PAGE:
Chin explained that the pumpers were “urgently” needed as the brigade’s 39-unit fleet was short of 20 trucks, consisted of vehicles mostly over a decade old, leaving four to five fire stations daily “without adequate fire coverage”.
Thirty-two of the trucks in the fleet were bought from Rosenbauer America, through National Safety, the manager said.
Chin told the PPC that using the direct contracting method – where the supplier is selected by the entity needing the services – “would reduce the time by eight months and standardise the fleet”.
PPC Chairman Raymond McIntyre responded in a June 28, 2019 letter, telling Chin that the JFB could go ahead and use the sole source procurement. He said, however, that where the cost of the procurement exceeded $30 million, the JFB “is advised” to get the PPC’s permission to award the contract.
As the JFB was working to meet the PPC’s requirements, the parallel process with Ian K was ongoing, ultimately resulting in an updated offer being submitted on September 4, 2019.
That revised offer reportedly considered the feedback from JFB officials who visited Germany.
The officer maintained the request for the Government to give an “unconditional, irrevocable” guarantee to back Ian K’s financing of the trucks, through Magirus, at an interest rate of 5.83 per cent per annum.
That particular issue was “problematic”, a government source said.
As responses from the JFB and the ministry dried up, Ian K wrote to the local government minister on October 25, 2019, requesting a meeting.
No response came and exactly a month later, on November 25, 2019, the JFB submitted its justification to the PPC, which later invited senior brigade officials to a meeting in December to discuss the request.
But before the PPC could respond to the JFB, the fire chief wrote on January 13, 2020, asking the commission to “urgently” consider allowing the JFB to use National Safety to supply an additional 20 Rosenbauer trucks, bringing the total number of units to be provided to 30.
That urgent request followed information Beckford said he received from the finance ministry that additional money – approximately $1 billion – was found to secure a deposit on the 20 trucks, but which had to be contracted by March 12, 2020.
“If the timeline is not met, the money will become unavailable and the brigade would have lost out on an opportunity to reduce the drastic shortage of pumper units within its fleet,” the commissioner pleaded, stating that an invoice from the proposed supplier accompanied the letter.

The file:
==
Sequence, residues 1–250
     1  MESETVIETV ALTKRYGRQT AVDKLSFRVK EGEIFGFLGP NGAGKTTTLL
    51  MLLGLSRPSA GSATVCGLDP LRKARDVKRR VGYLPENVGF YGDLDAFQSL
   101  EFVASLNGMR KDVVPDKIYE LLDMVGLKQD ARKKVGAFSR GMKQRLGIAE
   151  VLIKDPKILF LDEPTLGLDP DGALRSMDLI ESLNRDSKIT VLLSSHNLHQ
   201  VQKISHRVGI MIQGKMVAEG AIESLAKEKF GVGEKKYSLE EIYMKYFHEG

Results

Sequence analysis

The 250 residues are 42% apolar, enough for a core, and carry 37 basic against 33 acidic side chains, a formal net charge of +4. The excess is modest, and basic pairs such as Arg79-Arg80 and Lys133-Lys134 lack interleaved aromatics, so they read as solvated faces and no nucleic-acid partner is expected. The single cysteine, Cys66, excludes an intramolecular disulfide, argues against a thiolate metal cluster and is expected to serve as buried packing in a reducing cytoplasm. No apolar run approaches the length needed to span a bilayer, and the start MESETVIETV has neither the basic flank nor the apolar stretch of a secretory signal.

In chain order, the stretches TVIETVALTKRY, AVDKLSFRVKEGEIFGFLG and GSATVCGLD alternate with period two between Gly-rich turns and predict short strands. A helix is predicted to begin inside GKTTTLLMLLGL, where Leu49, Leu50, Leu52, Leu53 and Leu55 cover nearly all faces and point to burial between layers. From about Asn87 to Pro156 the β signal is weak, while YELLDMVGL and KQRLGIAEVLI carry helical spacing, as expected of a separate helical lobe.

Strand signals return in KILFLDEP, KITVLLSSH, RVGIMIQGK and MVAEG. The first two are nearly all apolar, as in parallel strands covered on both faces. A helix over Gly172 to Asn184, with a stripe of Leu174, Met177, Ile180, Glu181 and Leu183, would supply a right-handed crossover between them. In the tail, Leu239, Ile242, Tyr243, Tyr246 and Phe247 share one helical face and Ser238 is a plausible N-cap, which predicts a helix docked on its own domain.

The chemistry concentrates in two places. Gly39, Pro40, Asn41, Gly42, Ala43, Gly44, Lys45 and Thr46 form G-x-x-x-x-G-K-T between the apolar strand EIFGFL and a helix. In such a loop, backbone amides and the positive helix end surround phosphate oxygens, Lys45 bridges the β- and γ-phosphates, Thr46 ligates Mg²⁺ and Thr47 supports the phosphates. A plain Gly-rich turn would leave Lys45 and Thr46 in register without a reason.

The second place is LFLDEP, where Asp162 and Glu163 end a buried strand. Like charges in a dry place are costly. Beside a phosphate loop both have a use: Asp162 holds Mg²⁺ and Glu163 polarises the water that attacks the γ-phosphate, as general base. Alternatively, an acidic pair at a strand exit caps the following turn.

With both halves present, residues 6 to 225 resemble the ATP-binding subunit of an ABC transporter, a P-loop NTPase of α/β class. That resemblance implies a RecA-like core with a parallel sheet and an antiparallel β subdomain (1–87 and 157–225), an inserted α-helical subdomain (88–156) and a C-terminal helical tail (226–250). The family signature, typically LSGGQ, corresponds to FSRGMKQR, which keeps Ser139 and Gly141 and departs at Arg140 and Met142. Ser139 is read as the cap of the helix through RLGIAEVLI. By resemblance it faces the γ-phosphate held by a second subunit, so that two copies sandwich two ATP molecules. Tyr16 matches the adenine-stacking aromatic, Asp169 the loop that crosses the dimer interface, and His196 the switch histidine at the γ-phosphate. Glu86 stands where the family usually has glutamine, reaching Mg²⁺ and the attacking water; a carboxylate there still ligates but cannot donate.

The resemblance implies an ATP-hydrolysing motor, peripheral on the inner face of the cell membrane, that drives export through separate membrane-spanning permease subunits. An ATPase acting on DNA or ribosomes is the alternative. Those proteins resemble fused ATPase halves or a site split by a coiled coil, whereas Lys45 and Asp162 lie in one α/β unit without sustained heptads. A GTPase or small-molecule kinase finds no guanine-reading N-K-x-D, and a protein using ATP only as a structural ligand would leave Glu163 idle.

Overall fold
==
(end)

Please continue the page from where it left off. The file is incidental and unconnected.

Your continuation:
On January 20, 2020, the procurement commission responded, approving the June 2019 request regarding the 10 pumpers, and gave its “no objection” to the inclusion of the additional 20 trucks under the same contract to National Safety, a 48-year-old local supplier.
The PPC indicated that the contract should be submitted to Cabinet for approval.
The fire brigade, based on the PPC’s documents, had informed the commission at a December 18, 2019 meeting that five tender processes had failed.
In a 2018 attempt, two bids were submitted but one was deemed “non-compliant” following an evaluation, the PCC said, referencing statements from the fire officials.
The JFB representatives reportedly said the brigade decided to use the single source procurement method to engage National Safety, which had tendered on all previous occasions and had previously supplied trucks which “have proven to be reliable and efficient with a good lifespan”.
After several unanswered letters and telephone calls involving officials of the JFB and the ministry between February and August this year, the permanent secretary wrote to Chairman Levy on July 30 expressing “regret” at being unable to confirm meeting dates.
Henry-Martin also told Levy to be “reminded” of recommendations in an August 14, 2019 letter she said was sent to him regarding the government guidelines for unsolicited proposals.
Levy responded that he did not receive that letter and only got sight of it because it was attached to the one sent in August.